For the last three years, I’ve been a very busy playdate scheduler for my oldest son Marco, now 8 and in second grade. I wasn’t thrilled with this job, but I reluctantly started doing it after realizing that he needed lots of play sessions to help his social skills, and he wasn’t going to be able to organize these by himself.
I’m happy to say that this school year, he’s started arranging his own play sessions. This is a big deal for him, as well as for my wife and me.
He’s become confident enough to approach friends and ask them to play. He asks school friends during the course of the school day, and he asks neighbor friends by going to their house and ringing their doorbells.
Asking school friends, in fact, involves some fairly complicated planning and social skills because these friends aren’t sure of their schedules until they get home and ask their babysitters or parents. So, two days this week, Marco has ridden his bike to friends’ houses after school to arrange afternoon play sessions.
I’ll break down the social and cognitive tasks that Marco is accomplishing by arranging and executing play sessions on his own:
- social invitation: He asks a friend to join him in a play session.
- navigation: He rides his bike to the friend’s house, and later, from there to home.
- negotiation of the play session: He and the friend figure out where to play and what to do.
- phone communication with me: If he spends any time at a friend’s house, he borrows a phone from an adult and calls me using my phone number, which he’s committed to memory.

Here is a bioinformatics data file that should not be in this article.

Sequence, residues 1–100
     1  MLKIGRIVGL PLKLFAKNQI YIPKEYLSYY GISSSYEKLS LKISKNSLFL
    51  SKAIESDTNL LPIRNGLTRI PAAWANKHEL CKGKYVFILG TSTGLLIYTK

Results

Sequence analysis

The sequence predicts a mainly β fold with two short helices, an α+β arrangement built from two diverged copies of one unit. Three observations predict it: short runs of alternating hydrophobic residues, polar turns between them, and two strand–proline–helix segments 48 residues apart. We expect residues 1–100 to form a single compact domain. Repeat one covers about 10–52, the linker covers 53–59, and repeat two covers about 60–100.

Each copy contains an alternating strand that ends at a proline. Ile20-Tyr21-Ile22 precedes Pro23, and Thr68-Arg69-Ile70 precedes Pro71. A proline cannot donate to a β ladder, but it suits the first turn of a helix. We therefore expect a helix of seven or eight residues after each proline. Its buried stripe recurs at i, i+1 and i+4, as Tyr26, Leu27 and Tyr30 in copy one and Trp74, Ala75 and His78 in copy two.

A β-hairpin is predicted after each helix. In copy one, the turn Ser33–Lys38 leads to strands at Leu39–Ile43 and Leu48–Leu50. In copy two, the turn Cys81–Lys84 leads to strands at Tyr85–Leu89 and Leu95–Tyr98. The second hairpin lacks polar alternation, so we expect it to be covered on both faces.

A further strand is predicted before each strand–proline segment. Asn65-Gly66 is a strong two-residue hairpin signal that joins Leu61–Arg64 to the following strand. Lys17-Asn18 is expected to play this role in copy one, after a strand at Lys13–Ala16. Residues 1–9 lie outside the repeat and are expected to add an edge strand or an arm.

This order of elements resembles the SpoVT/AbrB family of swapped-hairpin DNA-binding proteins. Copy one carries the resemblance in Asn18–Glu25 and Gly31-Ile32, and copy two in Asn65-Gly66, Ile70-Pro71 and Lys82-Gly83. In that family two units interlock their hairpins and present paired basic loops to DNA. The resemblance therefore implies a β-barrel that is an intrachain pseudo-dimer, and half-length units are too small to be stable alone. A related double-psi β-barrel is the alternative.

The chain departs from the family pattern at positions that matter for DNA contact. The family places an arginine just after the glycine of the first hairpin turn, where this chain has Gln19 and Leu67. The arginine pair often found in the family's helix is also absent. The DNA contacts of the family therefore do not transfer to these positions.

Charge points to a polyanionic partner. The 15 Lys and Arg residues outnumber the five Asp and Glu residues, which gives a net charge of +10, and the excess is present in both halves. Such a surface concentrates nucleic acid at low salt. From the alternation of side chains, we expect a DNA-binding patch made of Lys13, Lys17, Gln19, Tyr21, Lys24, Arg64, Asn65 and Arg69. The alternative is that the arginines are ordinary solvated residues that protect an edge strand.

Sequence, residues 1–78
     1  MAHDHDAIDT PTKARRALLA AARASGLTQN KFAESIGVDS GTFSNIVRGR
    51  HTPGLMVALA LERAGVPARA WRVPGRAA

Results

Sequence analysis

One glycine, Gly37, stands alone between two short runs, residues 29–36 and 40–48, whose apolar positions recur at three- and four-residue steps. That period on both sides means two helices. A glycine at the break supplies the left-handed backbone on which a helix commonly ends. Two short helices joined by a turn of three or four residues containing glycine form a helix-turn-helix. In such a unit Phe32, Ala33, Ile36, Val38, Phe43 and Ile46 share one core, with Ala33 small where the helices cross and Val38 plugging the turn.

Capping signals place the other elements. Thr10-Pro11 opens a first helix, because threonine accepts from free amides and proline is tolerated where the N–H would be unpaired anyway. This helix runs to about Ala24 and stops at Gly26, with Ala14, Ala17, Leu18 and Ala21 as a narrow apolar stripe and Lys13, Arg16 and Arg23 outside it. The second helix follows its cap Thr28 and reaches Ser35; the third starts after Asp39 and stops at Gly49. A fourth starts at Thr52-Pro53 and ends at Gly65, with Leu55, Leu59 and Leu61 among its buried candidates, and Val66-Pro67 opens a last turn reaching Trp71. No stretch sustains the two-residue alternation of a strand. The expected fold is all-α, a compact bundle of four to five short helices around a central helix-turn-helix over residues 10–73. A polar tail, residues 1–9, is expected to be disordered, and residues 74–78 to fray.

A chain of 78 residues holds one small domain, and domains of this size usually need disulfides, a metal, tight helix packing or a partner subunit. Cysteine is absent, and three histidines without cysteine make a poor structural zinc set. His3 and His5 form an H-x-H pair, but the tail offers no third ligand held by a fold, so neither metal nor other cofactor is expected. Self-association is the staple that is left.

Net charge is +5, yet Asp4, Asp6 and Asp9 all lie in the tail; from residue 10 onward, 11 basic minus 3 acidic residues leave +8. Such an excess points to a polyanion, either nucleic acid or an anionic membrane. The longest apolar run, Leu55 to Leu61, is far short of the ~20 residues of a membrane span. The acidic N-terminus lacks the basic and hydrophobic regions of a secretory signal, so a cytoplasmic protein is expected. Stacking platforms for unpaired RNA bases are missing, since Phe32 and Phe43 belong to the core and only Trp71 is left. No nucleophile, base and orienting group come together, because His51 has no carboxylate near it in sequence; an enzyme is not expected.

- time awareness and punctuality: If he stays at a friend’s house, he has the presence of mind to ask an adult what time it is, and he’s always made it home in time for dinner.
In addition, my wife and I are benefitting from not having to arrange play dates for him, or drive him around, every day after school. Imagine that – a second grader engaging in good healthy free play after school without any involvement from parents or babysitters.
Marco’s accomplishing all this now because of all the freedom we’ve afforded him while we’ve been arranging playdates for him these past three years. He’s been riding his bike to and from school every day since the first day of kindergarten, and starting sometime last year, he started riding home on his own every day. We’ve also been letting him ride to nearby friends’ houses and to stores on his own. When he was engaged in his playdates, we always left him and his friend(s) alone to decide what to play and to settle disputes.
So, he had a packed social life, thanks to all my playdate arranging activities, and yet he had lots of freedom as well. Recently, he’s merged these two, so he’s starting to pack his own social life.